The project schedule directs the project team on the what and when of their actions. For your client, it projects significant milestones and the due date of key deliverables, as such, it is important that you treat the creation of your schedule as a collaborative effort.
By checking in with your team on project effort and time estimates, and your clients own schedule, you can strike a compromise by which to meet your client’s expectations, and your team has the breathing room to finish the project to a high quality.
6. Lack of Detail in the Project Plan
A project plan is one of the essential elements of a successful project outcome, yet the most misunderstood when it comes to project management.
A project plan does not just mean ‘project timeline.’ While an expected chronology of your project is a major component of your plan, a project plan requires a much deeper level of information regarding all elements necessary to the planning process from the specification of the new project to the budget, schedule, and quality metrics.
When done correctly, a project plan acts your very own route planner. By providing insufficient detail in your project plan, you are not only opening your team for confusion about the full requirements of their time or tasks but leaving yourself without clearly defined metrics to measure the success of your project and management strategies.
Take the time before you start your project to identify all the activities and related tasks required to meet the project’s scope statement successfully and all your project deliverables including the estimated time duration and the assignment of a resource that will be held responsible for completing each task. Keep in mind, that the plan you make at the start may not be the one you finish with, but learning to create a clear project plan and knowing how to discuss its key components is crucial to your project’s success.
7. Not Recognizing Your Team’s Successes
Team morale and productivity go hand in hand, and refusing to recognize your team’s successes, often has a detrimental effect on both. Sometimes it is too easy to focus on the end game, metrics, and numbers, and forget the employee that pushed them to success.
The small successes, the short-term objectives, and daily goals, any extra effort to contribute to advancing the team’s mission is, where the individual shines, and should be celebrated.
Develop a performance review system as part of your project management plan, and ensure that performance on projects is measured, reviewed and recognized as equally as it is in their day to day responsibilities.
8. The Wrong Project Structure Used
Project management is not one size fits all, and while you may have had great success with a particular project structure before, it is dangerous to get too comfortable with one approach and ignore each project’s variables.
Let’s take size, project teams with a larger number of individuals, around 8 or above, will find it difficult to report to the same project manager. Just as, you, the project manager will find it overly challenging to maintain communication and follow ups with too many team members reporting directly to you. If parts of the project are undertaken in different regions of the country, communications may suffer from a lack of clarity and jar with the larger project structure.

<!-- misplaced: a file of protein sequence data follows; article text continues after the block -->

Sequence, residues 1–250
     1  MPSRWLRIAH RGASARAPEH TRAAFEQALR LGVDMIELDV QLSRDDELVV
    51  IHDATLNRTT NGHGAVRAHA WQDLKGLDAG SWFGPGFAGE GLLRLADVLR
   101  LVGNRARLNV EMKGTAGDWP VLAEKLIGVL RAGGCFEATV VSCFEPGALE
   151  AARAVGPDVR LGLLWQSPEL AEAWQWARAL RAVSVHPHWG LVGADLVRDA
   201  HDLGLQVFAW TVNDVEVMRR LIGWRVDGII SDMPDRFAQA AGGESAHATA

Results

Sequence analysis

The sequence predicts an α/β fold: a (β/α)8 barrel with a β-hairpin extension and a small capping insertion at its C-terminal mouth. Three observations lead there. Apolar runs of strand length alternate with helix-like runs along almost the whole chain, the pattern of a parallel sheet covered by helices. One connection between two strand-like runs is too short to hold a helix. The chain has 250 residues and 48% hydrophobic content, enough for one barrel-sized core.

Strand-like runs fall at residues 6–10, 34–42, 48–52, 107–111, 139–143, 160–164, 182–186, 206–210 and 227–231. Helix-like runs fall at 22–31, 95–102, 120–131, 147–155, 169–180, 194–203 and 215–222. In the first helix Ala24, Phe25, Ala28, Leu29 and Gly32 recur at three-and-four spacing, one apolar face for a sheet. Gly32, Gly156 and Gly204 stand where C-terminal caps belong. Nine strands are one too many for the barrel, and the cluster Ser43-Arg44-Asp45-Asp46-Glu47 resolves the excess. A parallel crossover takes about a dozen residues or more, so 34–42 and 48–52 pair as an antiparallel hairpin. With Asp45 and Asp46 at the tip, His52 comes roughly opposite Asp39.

It is key to assess each project individually and adapt communication strategies and reporting protocols to suit each new approach.
It may be useful to educate yourself and your team in umbrella project management methodologies that teach adaptable, industry standard project structures, so each project structure retains an efficient cohesiveness and familiarity.
9. Being Reactive Instead of Proactive
Your project is running correctly, aligning with your scope and project plan, but then something unexpected comes along and disaster hits. The project gets derailed. Even though you and your team mobilize quickly, identifying the best options and solutions based on experience, you have got no opportunity, nor time, to test these solutions viability. Acting reactively, management by crisis only leaves your project vulnerable to further failure.
Risk Management is the process of identifying, analyzing and responding to risk factors throughout the life of a project, and developing a stable basis for decision making in regards to those risks. A robust risk assessment provides controls for possible future events and is proactive rather than reactive.
While it is impossible to know every likelihood of every potential occurrence, by undertaking a thorough risk assessment before you execute your project plan, and continuously re-focusing that assessment throughout your project, you can reduce the likelihood of a disastrous event occurring, as well as its impact.
10. Being Resistant to Change
Although most this article has been spent pontificating about the importance of preparedness, clarity, and structure, the ability to be flexible and adaptive are qualities intrinsic to your project’s success.
Despite your extensive risk management and project planning, it’s likely the functionality of your project is going to change daily, whether it’s the small things such as missed meetings, employee absence, or a change in direction that requires you to develop a new approach or resource, and being rigid about your processes only ensures that your project is unlikely to see completion.
Being flexible isn’t something you can plan for. Remember that your project is an ongoing process, keep an open mind, and trust that you and your team will be competent enough to come up with a suitable solution.